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PerlCtrl - Return Types

Posted on 2004-09-15
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Last Modified: 2007-12-19
How do i return an array from a PerlCtrl Function?
this is what i have:

use strict;

package PerlControl;

sub returnArray { return ("a", "b", "c"); }

=pod

=begin PerlCtrl

    %TypeLib = (
        PackageName     => 'PerlControl',

        # DO NOT edit the next 3 lines.
        TypeLibGUID     => '{b6d529e0-184d-4ab2-8c9e-57b7a4585c01}',
        ControlGUID     => '{b4b03048-470b-4402-9638-71a3077bb9c3}',
        DispInterfaceIID=> '{2a120f89-cf5d-4507-b6e7-9bedf137b87f}',

        ControlName     => 'HelloWorldControl',
        ControlVer      => 1,   # increment if new object with same ProgID
        ProgID          => 'PerlControl.HelloWorld',
        DefaultMethod   => '',

        Methods         => {
            'returnArray' => {
                    RetType             =>  VT_BSTR,  #what do i have to specify here to return an array of BSTR
                    TotalParams         =>  0,
                    NumOptionalParams   =>  0,
                    ParamList           =>[ ]  
                },
                        
            },  # end of 'Methods'



        Properties      => {
            }
        ,  # end of 'Properties'
        );  # end of %TypeLib

=end PerlCtrl


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Question by:holli
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3 Comments
 
LVL 13

Accepted Solution

by:
gripe earned 2000 total points
ID: 12064913
Based on the content of your post, I can only guess that you're using PerlCtrl to create a perl object to be exposed to another language, such as VB. The return types you are defining in your %TypeLibs hash are the return types for the language you're exposing to. (IE: VB) The ActiveState documentation for the Perl Resource Kit shows the following valid variant datatypes:

Type Name                       Type Symbol
Unspecified                       VT_EMPTY
Null                                  VT_NULL
2-byte Signed Integer        VT_I2  
4-byte Signed Integer        VT_I4
4-byte Real Value              VT_R4
8-byte Real Value              VT_R8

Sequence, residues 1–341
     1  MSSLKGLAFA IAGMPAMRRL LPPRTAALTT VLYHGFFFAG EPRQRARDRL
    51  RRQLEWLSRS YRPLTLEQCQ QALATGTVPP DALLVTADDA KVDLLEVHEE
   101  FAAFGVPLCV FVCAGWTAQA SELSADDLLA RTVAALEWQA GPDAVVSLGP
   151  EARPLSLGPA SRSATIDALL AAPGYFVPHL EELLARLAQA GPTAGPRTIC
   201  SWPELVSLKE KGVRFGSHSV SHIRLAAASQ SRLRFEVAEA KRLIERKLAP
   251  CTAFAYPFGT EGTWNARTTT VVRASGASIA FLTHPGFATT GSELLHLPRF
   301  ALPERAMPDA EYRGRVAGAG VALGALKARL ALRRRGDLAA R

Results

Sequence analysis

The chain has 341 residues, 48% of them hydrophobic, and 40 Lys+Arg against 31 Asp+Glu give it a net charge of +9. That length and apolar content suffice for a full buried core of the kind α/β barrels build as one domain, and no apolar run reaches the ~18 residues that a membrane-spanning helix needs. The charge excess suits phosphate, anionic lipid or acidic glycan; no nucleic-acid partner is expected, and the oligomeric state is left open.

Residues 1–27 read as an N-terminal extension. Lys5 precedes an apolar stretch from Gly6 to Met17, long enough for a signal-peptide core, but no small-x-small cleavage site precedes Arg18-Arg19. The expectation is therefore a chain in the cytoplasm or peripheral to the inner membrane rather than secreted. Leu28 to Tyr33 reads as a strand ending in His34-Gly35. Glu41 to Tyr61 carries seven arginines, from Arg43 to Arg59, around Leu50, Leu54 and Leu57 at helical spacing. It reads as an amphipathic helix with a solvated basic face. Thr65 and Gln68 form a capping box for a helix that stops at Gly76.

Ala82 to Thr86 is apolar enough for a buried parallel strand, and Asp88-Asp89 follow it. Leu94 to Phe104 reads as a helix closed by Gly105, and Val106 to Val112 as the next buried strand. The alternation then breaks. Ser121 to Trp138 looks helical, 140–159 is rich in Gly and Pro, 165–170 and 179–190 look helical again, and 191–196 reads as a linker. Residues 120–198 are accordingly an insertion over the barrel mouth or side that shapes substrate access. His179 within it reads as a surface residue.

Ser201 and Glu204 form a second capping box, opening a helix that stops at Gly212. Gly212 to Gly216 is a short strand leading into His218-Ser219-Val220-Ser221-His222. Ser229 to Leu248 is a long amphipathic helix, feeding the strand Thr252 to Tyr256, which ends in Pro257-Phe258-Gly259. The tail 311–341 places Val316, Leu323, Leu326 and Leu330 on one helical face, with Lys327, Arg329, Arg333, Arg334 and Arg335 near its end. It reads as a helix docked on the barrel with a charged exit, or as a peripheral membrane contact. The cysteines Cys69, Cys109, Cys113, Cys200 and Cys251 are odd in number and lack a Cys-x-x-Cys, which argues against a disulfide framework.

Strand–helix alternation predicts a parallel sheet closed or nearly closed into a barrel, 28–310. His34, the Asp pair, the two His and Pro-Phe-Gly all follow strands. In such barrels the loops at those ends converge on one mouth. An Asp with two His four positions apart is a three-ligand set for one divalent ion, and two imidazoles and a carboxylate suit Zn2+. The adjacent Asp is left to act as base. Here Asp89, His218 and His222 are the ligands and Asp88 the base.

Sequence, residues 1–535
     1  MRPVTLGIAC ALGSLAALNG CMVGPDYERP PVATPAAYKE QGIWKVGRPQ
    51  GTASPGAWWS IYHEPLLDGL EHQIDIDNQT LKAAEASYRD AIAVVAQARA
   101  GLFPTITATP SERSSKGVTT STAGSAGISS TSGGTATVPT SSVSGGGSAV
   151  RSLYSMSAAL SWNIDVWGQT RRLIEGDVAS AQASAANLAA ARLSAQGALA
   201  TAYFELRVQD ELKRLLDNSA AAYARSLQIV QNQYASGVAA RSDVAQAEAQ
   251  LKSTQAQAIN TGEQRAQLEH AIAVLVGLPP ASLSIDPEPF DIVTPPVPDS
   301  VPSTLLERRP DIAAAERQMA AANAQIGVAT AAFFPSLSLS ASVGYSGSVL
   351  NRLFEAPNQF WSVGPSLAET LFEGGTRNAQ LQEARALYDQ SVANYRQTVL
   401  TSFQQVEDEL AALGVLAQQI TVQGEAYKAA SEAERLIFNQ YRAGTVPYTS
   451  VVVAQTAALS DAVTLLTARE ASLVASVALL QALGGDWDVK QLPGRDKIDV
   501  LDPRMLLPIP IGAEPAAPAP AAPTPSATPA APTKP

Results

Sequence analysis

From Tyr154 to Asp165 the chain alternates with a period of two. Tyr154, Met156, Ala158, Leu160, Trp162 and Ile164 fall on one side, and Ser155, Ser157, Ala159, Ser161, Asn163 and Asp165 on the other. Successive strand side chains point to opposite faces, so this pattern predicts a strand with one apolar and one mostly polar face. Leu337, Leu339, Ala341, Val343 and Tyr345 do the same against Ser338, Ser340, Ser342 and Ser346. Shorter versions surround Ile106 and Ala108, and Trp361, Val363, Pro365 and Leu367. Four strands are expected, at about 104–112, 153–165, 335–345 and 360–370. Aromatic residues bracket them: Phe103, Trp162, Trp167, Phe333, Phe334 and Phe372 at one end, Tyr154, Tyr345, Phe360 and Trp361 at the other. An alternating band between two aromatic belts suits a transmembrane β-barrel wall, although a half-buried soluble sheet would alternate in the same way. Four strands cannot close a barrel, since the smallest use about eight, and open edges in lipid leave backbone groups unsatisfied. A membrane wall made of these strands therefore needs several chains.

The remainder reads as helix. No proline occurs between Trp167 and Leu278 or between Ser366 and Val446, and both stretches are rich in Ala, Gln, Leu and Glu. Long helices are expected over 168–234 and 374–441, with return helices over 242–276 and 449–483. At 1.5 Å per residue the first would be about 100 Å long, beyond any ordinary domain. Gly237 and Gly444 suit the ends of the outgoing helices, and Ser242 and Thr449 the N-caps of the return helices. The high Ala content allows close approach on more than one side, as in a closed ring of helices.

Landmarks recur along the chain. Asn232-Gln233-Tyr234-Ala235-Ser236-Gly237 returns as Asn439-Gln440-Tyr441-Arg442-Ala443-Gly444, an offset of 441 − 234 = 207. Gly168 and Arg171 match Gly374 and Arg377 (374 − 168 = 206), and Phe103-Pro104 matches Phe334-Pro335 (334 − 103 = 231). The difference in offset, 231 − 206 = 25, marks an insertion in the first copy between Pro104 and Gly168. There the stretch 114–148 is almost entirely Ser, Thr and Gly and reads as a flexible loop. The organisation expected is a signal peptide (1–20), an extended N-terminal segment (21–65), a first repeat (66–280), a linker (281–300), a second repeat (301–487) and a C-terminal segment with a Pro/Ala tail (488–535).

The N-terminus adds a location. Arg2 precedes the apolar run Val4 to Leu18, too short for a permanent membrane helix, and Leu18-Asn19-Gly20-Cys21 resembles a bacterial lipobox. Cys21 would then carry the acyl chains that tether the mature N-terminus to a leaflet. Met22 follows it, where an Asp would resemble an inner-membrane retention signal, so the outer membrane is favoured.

Currency                          VT_CY
Date                                VT_DATE
Binary String                    VT_BSTR
IDispatch FAR*                 VT_DISPATCH
Scodes                            VT_ERROR
Boolean                           VT_BOOL
Variant FAR*                   VT_VARIANT
IUnknown FAR*               VT_UNKNOWN
Unsigned char                 VT_UI1

My understanding is that to return an array to VB you would follow your required datatype with a pipe and VT_ARRAY such as:

RetType => VT_DATATYPE | VT_ARRAY

(Where DATATYPE is a valid type from the list above.)

This should do what you require.

As an addendum, perl subroutines always return 'lists'. Which can be applied to scalars, arrays or hashes as necessary.

Hope this helps.

References:

http://aspn.activestate.com/ASPN/Mail/Message/pdk/619689
http://www.mail-archive.com/activeperl@listserv.activestate.com/msg13708.html


Matt Shaw
http://www.thinktechnology.ca/

0
 
LVL 6

Author Comment

by:holli
ID: 12065060
>>I can only guess that you're using PerlCtrl to create a perl object to be exposed to another language, such as VB.

correct.

surfing the aspn mailing list i just found that out by myself.
This is a very basic issue it should REALLY be mentioned in the PDKs Docs shouldn´t it?

anyway, you are right, you get the points.

tx,

holli
0
 
LVL 18

Expert Comment

by:kandura
ID: 12069694
The ParamList is just there for the benefit of consumers of your COM object. It will tell them which parameters (and of which type) this method accepts.

I mean that when you view the object's typelib in e.g. the OLE Browser, you will see something to the effect of

    interface HelloWorld : IDispatch {
        VT_BSTR returnArray( ParamName1 VT_I4, ParamName2 VT_BSTR )
    }

In Visual Studio the Code Completion would also show something like that. When you add your object to the toolkit and when you use the object, call the method, then the VS compiler will check the arguments against your typelib definition.

Of course, perl is not very fussy about type or the number of arguments to functions, so you have more flexibility that in e.g. C#.
Nonetheless, it may be wise to be as strict as possible, and even use prototypes in perl, just to avoid creating undocumented interfaces.
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